The White House is expected to repeal former President Trump’s ban on transgender individuals serving in the military as early as Monday, according to a source familiar with the plans.
The policy, which has been roundly derided by LGBTQ activists as cruel and irrational, was first announced by Trump in July 2017 via Twitter. The ban specifically blocks people who have been diagnosed with a condition known as gender dysphoria from serving with limited exceptions. It also specifies that people without the condition can serve, but only if they do so according to the sex they were assigned at birth.
The White House declined to comment on the plans. White House press secretary Jen Psaki had said in a statement last week that the administration would lift the ban through an executive action in the early days or weeks of Biden’s presidency.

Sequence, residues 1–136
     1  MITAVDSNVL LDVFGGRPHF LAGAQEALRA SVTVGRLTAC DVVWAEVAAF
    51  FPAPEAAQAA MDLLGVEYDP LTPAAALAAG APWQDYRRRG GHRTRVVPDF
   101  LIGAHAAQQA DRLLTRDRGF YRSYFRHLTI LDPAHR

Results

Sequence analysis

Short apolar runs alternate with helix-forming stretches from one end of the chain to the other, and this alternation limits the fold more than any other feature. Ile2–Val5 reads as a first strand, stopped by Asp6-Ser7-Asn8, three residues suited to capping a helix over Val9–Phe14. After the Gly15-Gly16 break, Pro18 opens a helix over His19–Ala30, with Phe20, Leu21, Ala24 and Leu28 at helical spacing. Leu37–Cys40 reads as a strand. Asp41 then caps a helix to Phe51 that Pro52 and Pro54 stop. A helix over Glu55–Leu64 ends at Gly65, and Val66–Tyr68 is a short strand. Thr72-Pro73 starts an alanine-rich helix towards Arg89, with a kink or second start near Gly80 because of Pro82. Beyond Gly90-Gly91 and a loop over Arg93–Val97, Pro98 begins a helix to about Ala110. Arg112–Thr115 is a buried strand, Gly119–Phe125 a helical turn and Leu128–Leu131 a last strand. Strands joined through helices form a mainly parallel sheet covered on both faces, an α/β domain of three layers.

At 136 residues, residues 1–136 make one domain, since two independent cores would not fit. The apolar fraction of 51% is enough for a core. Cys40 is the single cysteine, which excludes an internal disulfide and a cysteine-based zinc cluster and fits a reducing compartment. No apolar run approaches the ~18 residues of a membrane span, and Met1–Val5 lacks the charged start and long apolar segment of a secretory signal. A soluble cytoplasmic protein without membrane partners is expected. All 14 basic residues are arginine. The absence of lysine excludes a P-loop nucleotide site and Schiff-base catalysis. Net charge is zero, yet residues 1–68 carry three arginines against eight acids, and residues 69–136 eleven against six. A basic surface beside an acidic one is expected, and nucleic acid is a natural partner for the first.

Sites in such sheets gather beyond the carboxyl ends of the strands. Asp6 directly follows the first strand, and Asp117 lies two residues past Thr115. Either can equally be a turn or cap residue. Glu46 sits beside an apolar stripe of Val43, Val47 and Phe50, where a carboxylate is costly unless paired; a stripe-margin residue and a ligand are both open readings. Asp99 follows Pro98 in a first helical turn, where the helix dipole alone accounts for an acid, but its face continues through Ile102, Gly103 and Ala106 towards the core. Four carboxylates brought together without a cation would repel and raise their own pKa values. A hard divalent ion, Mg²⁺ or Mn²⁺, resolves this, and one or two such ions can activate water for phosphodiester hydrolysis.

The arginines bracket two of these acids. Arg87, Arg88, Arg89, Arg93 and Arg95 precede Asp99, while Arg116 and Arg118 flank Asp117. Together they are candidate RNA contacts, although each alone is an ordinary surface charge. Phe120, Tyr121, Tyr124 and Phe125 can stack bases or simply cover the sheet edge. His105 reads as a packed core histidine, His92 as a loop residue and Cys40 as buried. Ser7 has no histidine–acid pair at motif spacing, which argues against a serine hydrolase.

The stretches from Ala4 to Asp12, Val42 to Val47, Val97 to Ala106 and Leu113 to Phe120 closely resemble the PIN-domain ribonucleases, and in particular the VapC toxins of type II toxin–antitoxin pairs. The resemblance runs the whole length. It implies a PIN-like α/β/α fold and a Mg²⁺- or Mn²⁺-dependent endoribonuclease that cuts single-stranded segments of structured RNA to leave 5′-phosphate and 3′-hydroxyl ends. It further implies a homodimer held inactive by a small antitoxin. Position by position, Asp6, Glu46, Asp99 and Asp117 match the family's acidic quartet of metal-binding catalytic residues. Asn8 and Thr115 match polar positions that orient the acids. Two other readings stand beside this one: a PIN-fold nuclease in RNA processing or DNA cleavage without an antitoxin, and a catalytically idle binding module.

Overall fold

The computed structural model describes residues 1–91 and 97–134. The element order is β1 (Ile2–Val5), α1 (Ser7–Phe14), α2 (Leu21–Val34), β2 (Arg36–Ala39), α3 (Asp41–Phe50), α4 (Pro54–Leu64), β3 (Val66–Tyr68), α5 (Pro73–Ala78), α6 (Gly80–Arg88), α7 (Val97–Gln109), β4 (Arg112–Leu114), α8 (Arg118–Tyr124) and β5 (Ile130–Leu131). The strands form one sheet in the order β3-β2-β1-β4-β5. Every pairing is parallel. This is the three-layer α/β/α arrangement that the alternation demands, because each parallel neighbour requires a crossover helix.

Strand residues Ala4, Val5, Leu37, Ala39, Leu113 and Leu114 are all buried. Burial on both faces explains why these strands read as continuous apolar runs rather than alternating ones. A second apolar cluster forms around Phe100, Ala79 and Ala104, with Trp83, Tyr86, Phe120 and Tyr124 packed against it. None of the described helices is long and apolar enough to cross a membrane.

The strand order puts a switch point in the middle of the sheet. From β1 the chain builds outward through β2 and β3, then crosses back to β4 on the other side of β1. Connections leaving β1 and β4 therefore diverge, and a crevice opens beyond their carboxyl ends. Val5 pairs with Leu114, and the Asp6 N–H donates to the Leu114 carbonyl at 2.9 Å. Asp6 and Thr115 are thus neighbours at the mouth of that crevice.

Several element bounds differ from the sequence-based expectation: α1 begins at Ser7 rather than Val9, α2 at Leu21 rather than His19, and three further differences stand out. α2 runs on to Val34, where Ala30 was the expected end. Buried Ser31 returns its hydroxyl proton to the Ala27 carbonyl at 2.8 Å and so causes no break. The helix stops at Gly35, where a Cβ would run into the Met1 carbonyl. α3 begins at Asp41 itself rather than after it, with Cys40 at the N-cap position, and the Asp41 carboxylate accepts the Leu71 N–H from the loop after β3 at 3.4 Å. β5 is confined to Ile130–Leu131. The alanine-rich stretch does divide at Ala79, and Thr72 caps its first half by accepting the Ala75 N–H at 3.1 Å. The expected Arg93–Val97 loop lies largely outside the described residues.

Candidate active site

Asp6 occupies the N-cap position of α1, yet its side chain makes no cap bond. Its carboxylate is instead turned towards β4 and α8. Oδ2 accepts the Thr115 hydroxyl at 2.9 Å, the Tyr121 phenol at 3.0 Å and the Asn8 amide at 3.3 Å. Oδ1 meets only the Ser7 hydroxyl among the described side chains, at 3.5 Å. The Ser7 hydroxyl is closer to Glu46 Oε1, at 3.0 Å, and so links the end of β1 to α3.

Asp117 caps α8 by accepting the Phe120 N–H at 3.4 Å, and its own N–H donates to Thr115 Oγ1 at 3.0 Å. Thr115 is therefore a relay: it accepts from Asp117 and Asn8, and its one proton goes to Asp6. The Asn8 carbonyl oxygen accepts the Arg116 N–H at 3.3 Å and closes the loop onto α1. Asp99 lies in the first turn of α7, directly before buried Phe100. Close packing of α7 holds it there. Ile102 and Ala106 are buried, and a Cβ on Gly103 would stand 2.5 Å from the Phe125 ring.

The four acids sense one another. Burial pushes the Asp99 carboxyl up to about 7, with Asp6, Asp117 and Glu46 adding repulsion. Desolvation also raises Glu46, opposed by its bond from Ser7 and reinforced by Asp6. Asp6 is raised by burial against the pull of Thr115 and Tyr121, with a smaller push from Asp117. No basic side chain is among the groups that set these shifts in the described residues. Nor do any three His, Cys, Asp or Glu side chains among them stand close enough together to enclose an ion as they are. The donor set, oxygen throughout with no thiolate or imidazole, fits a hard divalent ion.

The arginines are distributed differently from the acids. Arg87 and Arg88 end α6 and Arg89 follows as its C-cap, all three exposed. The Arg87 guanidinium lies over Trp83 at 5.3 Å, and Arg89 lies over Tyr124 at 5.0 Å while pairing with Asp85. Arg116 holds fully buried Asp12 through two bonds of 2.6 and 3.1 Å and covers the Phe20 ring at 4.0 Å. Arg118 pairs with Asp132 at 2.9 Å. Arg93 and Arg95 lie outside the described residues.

CBS News was first to report the expected repeal coming Monday.
Biden is set to meet with Defense Secretary Lloyd Austin, who was confirmed Friday, at the White House this morning alongside the Chairman of the Joint Chiefs of Staff.
Some more background on the ban: While Trump had argued that transgender troops in the military would lead to “tremendous medical costs and disruption,” a 2016 Rand Corp. study commissioned by the Defense Department concluded that letting transgender people serve openly would have a “minimal impact” on readiness and health care costs.
Trump’s decision reversed a policy initially approved by the Defense Department under former President Barack Obama, which was still under final review, that would have allowed transgender individuals to openly serve in the military.
The Trump administration for years had reversed, dropped, removed and withdrawn established LGBTQ protections and had been particularly hostile toward transgender Americans.